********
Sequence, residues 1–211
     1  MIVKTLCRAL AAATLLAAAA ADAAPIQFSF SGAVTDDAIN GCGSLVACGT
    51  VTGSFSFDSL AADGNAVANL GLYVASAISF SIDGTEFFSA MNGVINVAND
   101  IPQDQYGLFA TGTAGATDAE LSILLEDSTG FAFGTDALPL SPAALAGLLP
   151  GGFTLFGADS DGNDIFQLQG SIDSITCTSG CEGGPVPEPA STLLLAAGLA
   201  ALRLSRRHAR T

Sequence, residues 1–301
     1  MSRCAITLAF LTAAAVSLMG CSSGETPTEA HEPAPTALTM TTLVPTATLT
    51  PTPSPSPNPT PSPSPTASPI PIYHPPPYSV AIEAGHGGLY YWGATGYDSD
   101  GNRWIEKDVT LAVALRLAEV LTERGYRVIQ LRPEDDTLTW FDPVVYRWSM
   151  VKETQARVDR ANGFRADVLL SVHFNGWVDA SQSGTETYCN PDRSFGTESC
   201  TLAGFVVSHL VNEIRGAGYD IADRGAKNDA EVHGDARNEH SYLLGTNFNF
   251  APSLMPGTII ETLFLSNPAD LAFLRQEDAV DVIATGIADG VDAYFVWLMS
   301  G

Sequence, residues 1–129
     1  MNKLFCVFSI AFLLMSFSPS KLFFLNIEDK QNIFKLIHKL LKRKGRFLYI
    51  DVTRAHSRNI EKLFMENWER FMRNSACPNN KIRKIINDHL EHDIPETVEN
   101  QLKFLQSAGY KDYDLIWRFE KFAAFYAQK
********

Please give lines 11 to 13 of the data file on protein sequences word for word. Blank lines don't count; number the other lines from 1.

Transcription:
   151  VKETQARVDR ANGFRADVLL SVHFNGWVDA SQSGTETYCN PDRSFGTESC
   201  TLAGFVVSHL VNEIRGAGYD IADRGAKNDA EVHGDARNEH SYLLGTNFNF
   251  APSLMPGTII ETLFLSNPAD LAFLRQEDAV DVIATGIADG VDAYFVWLMS